Michael Freeden is a Professorial Research Associate at the Department of Politics and International Studies at the School of Oriental and African Studies, University of London. He is also Emeritus Professorial Fellow at Mansfield College, Oxford. Between 2013 and 2015, he was Professor of Political Theory in the School of Politics and International Relations at the University of Nottingham. He is a leading theorist of ideology, and the founding editor of the Journal of Political Ideologies.
Study of ideologies
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Freeden has been noted for his analysis of contemporary ideologies. He has rejected the traditional definition of ideologies, which sees the latter as static "belief systems", and instead bases his analysis on modern semantics. Ideologies – just like languages – consist of certain concepts whose meaning may change and evolve over time. The specific relations between ideological concepts may thus be analyzed by being set in their respective semantic fields.
Each ideology may be seen as having both "core" concepts (that is, those of the highest importance, e.g. class conflict in Marxism or freedom in liberalism) and "peripheral" (or secondary) concepts. Concepts may gain or lose importance over time, just as new concepts may emerge (or be borrowed from other ideologies) or fall out of use entirely. Different ideologies may thus give different meanings to the same term (for instance, a concept such as equality will have a material definition in Marxism, while in liberalism it will rather have a legal and political importance). Concepts are thus defined by their relation to other concepts. According to Freeden, it is precisely these conceptual relations that should attract our attention, as they will be likely to evolve in the long term.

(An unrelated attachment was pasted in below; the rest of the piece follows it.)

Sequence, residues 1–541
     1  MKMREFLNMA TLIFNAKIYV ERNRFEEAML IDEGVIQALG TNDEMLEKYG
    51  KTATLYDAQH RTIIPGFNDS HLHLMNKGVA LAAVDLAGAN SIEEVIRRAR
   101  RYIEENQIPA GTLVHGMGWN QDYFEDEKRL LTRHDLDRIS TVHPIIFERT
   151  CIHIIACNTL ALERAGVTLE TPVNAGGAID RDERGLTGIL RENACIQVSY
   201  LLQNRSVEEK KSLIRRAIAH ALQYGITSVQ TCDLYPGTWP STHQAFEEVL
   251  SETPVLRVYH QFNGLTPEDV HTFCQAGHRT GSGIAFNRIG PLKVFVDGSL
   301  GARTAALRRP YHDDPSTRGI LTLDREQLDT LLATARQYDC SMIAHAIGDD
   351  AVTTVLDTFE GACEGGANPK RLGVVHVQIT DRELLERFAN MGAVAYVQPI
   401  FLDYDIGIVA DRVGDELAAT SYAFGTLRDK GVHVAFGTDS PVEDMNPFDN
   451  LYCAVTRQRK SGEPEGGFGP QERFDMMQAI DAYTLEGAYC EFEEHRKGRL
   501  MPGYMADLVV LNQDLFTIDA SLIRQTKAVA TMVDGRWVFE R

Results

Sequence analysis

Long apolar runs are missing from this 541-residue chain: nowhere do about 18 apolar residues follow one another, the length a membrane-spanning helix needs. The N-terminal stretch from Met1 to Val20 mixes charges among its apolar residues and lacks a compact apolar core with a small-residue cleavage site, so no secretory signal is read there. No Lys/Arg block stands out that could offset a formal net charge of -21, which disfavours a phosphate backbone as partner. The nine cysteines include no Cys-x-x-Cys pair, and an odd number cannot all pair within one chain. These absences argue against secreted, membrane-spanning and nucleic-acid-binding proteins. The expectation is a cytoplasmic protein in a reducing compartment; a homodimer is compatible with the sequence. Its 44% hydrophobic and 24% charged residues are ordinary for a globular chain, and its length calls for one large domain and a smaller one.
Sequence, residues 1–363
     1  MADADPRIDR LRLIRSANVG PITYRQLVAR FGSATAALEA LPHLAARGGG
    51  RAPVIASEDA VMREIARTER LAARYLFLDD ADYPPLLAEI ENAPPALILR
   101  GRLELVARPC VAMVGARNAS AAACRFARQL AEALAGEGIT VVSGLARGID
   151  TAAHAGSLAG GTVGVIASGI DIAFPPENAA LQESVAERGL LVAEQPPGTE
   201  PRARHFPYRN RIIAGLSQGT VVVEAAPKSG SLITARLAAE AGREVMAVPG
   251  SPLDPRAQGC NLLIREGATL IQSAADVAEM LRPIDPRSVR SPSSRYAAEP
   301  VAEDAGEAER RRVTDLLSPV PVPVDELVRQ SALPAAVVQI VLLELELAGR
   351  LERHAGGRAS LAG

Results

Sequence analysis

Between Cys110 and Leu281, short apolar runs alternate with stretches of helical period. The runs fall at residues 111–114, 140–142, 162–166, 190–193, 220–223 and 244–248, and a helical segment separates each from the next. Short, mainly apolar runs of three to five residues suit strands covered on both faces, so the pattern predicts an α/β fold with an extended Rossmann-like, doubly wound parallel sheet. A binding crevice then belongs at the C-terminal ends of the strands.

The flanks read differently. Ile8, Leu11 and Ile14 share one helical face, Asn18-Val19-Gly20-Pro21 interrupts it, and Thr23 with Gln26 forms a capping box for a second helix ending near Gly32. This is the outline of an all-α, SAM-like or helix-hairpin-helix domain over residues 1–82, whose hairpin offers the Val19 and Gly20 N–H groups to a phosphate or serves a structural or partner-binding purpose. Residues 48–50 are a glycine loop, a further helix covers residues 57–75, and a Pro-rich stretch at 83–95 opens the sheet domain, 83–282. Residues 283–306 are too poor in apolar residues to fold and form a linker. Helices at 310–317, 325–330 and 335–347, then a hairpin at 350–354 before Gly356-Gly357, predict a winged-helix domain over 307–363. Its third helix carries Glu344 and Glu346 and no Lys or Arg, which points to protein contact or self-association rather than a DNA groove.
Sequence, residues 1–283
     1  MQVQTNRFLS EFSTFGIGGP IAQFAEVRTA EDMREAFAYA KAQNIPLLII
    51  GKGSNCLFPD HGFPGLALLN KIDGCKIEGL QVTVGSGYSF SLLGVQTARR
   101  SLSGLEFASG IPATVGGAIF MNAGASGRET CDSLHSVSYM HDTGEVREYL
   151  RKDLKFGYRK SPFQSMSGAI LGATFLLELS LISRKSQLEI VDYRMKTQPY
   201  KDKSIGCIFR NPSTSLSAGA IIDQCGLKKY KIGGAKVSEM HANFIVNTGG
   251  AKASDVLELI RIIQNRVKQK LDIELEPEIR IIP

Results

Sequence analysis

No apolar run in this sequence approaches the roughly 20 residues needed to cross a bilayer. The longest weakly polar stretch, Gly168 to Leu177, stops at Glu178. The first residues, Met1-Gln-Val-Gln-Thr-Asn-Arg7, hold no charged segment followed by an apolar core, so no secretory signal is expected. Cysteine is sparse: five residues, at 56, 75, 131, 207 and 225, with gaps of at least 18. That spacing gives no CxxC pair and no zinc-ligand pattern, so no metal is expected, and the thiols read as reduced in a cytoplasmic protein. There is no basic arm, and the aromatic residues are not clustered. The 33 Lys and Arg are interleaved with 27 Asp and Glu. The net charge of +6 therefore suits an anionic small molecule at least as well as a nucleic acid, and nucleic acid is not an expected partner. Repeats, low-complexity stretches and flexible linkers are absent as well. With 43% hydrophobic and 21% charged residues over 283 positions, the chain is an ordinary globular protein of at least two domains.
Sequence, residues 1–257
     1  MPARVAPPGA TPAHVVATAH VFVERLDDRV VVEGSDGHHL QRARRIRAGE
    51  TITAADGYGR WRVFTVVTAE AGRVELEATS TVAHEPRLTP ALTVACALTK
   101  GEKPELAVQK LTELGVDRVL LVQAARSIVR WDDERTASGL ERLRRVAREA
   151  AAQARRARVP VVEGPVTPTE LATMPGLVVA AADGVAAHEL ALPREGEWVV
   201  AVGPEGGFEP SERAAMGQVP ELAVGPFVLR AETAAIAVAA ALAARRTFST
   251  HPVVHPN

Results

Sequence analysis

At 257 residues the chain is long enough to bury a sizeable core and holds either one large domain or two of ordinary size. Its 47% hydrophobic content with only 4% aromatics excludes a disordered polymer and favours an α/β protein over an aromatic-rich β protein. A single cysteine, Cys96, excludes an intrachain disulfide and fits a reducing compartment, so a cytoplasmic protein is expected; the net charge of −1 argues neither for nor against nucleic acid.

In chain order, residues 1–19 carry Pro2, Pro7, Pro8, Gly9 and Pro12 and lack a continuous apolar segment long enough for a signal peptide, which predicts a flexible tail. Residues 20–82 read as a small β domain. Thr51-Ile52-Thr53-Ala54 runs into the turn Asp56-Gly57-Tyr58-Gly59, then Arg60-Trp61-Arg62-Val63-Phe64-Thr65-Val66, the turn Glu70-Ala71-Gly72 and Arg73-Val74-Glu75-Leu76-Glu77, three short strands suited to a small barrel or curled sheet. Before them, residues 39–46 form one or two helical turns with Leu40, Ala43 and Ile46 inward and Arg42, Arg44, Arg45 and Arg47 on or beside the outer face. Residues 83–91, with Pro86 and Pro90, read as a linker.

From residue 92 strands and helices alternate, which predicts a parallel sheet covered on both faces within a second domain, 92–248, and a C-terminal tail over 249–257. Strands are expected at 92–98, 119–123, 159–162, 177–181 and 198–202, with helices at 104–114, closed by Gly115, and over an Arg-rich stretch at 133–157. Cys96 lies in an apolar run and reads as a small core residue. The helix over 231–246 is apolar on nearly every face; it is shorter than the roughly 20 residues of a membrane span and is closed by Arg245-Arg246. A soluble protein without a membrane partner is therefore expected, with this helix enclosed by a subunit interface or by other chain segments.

By studying the conceptual evolution of ideologies, Freeden observes that the relative "political success" of an ideology depends on its ability to impose the belief that its own conceptual definitions are the "correct ones". This thus gives rise to a form of "conceptual competition", in which each ideology performs a continuous "decontestation" of its concepts – that is, it tries to eliminate all possible contestation of its own conceptual definitions, thereby rejecting competing definitions (Marxism will thus reject private property as a product of the exploitative nature of capitalism, just as liberalism may view state intervention as an infringement of individual freedoms). Not only is this decontestation the product of an inter-ideological competition (between ideologies), but it is also the product of an intra-ideological competition (within ideologies): hence the success of Hayek's form of neoliberalism during the 1980s, or of the Marxist-Leninist trend in the 1920s.
- The New Liberalism: An Ideology of Social Reform (Oxford, 1978)
- Liberalism Divided: A Study in British Political Thought 1914-1939 (Oxford, 1986)
- J.A. Hobson: A Reader (London, 1988)
- Minutes of the Rainbow Circle 1894-1924, edited and annotated (London, 1989)
- Reappraising J.A. Hobson: Humanism and Welfare (ed.) (London, 1990)
- Rights (Buckingham, 1991)
- Ideologies and Political Theory: A Conceptual Approach (Oxford, 1996)
- Reassessing Political Ideologies: The Durability of Dissent (ed.) (London, 2001)
- Ideology: A Very Short Introduction (Oxford, 2003)
- Liberal Languages: Ideological Imaginations and Twentieth Century Progressive Thought (Princeton, 2005) 
- Taking Ideology Seriously: 21st Century Reconfigurations (co-editor with G. Talshir and M. Humphrey) (London, 2006)
- The Political Theory of Political Thinking: The Anatomy of a Practice (Oxford, 2013)
- Liberalism: A Very Short Introduction (Oxford, 2015)